Implications of a common private keys directory in 2.1

Stephan Beck stebe at
Wed Nov 23 17:13:00 CET 2016

Peter Lebbing:
> On 23/11/16 10:53, Andrew Gallagher wrote:
>> If the message is being automatically decrypted at the MTA then it
>> provides no more security than TLS.
> I could concur with this statement if we amend it a little: when two
> MTA's are explicitly configured as TLS peers. They have to abort the
> mail exchange when TLS can't be negotiated and when the certificate is
> not as expected. "Expected" can mean: DN checking, issuer checking,
> fingerprint checking, perhaps CRL checking.
> There are many problems preventing succesful TLS on SMTP. It's trivial
> to downgrade, and certificates are only checked whether they are valid
> in the general sense, not even the DN is checked. I could MITM a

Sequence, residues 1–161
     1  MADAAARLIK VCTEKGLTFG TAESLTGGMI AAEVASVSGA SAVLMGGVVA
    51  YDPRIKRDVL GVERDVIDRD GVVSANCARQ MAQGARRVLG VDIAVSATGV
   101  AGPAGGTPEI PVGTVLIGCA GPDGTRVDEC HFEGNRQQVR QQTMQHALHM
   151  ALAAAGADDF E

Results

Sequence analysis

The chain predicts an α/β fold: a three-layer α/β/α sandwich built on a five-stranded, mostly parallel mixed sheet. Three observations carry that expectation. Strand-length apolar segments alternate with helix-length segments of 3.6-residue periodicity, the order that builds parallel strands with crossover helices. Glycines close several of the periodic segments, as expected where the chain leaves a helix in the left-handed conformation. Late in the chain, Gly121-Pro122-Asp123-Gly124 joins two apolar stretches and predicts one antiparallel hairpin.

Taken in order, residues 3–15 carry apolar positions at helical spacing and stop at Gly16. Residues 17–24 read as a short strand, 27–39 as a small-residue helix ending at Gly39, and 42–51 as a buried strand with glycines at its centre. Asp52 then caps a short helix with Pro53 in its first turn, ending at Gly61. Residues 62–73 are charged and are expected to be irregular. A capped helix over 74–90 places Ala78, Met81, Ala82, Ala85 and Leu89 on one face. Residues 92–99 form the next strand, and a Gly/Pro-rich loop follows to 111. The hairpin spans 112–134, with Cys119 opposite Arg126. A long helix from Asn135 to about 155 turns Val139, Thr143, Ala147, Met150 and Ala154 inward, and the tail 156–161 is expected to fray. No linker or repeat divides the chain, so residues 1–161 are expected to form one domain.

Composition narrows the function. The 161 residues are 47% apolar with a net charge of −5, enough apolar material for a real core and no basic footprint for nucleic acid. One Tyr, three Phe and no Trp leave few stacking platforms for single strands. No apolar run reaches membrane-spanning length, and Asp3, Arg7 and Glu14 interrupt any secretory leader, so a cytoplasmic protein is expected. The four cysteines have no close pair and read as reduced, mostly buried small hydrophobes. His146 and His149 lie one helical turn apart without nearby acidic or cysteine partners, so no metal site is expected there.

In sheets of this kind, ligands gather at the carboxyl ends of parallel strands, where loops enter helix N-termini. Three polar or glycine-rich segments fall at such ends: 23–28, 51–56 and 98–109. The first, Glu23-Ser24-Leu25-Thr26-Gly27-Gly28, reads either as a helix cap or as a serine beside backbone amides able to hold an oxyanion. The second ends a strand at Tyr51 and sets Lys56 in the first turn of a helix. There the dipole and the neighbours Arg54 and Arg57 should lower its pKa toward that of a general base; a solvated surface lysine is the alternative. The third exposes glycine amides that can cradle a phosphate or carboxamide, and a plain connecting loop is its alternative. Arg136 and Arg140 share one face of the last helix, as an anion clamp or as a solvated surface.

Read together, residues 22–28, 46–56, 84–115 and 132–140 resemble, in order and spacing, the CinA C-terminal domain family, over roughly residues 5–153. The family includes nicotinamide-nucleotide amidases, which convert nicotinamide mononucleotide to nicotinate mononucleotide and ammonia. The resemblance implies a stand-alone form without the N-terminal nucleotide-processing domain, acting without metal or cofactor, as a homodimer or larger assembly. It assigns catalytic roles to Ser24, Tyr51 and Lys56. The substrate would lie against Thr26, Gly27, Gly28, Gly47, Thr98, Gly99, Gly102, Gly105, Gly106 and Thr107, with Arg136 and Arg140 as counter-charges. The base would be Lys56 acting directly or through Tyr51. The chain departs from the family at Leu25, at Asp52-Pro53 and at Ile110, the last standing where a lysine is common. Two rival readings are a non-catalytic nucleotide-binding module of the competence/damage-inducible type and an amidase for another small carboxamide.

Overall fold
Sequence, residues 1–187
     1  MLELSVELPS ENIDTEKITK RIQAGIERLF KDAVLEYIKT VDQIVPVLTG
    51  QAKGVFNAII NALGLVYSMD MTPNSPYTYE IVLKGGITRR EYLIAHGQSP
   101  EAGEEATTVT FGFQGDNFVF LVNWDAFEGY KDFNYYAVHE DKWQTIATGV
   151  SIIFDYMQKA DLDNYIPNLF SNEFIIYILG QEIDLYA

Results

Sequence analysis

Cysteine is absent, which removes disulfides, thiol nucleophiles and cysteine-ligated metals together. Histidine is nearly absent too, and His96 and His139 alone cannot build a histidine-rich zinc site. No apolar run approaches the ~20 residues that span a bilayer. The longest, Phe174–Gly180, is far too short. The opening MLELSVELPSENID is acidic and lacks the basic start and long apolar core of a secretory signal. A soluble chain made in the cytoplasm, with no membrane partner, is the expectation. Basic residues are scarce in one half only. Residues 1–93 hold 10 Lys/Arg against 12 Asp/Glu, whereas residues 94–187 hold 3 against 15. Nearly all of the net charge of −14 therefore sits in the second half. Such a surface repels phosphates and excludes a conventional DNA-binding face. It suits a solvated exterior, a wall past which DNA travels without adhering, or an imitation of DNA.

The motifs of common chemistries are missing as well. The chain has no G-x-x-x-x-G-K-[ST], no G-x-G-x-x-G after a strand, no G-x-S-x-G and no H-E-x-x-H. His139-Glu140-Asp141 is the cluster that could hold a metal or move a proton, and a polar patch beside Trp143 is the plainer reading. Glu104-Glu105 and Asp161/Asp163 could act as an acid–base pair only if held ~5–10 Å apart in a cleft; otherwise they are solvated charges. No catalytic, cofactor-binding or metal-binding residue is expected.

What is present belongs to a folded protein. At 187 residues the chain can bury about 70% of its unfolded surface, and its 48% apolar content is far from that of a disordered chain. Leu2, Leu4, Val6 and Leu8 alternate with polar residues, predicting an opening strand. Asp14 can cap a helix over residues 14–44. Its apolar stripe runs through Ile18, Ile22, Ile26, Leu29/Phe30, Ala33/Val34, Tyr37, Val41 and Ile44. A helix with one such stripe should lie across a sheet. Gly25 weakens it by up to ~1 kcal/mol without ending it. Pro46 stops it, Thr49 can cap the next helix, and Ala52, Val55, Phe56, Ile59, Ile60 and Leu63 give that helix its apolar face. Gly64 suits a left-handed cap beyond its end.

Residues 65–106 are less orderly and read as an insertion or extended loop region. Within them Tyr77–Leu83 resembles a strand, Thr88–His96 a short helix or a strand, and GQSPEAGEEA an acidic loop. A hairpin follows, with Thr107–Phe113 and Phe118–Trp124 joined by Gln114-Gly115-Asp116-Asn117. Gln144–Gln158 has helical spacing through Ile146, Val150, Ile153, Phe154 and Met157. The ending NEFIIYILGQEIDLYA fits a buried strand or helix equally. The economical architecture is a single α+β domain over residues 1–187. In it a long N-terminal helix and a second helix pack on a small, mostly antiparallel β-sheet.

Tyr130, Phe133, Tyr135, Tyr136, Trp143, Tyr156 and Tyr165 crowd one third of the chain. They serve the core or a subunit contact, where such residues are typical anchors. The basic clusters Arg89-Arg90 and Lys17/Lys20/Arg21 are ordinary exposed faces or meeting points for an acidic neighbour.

> connection to, present a valid certificate for
>, and the peer would accept it even though it
> isn't valid *for*. Basically, it only works for passive
> adversaries.

Looking at it from the Postfix SMTP client side (as an example), with the
smtp_tls_security_level (default: empty) configuration parameter
there are the following levels with increasing security from left to right:
none, may, encrypt, dane, dane-only, fingerprint, verify, secure

From dane-only upwards no MITM is possible. With mere "dane" there are 2
fallbacks: if DNSSEC lookup does not present any result (-->fallback to
may), if there are result, but they are not usable (--> fallback to

Even if the "verify" level seems to open the door once again to
unauthenticated DNS MX lookups (and possibly, MITM), the name
verification parameter smtp_tls_verify_cert_match keeps it locked.
But that's theoretical, as it is not considered to be appropriate for
systems that deliver mail to the Internet.

I have a spontaneous sympathy for the "fingerprint" level as it
suppresses (the need to rely on) any (CA) authorities :-)



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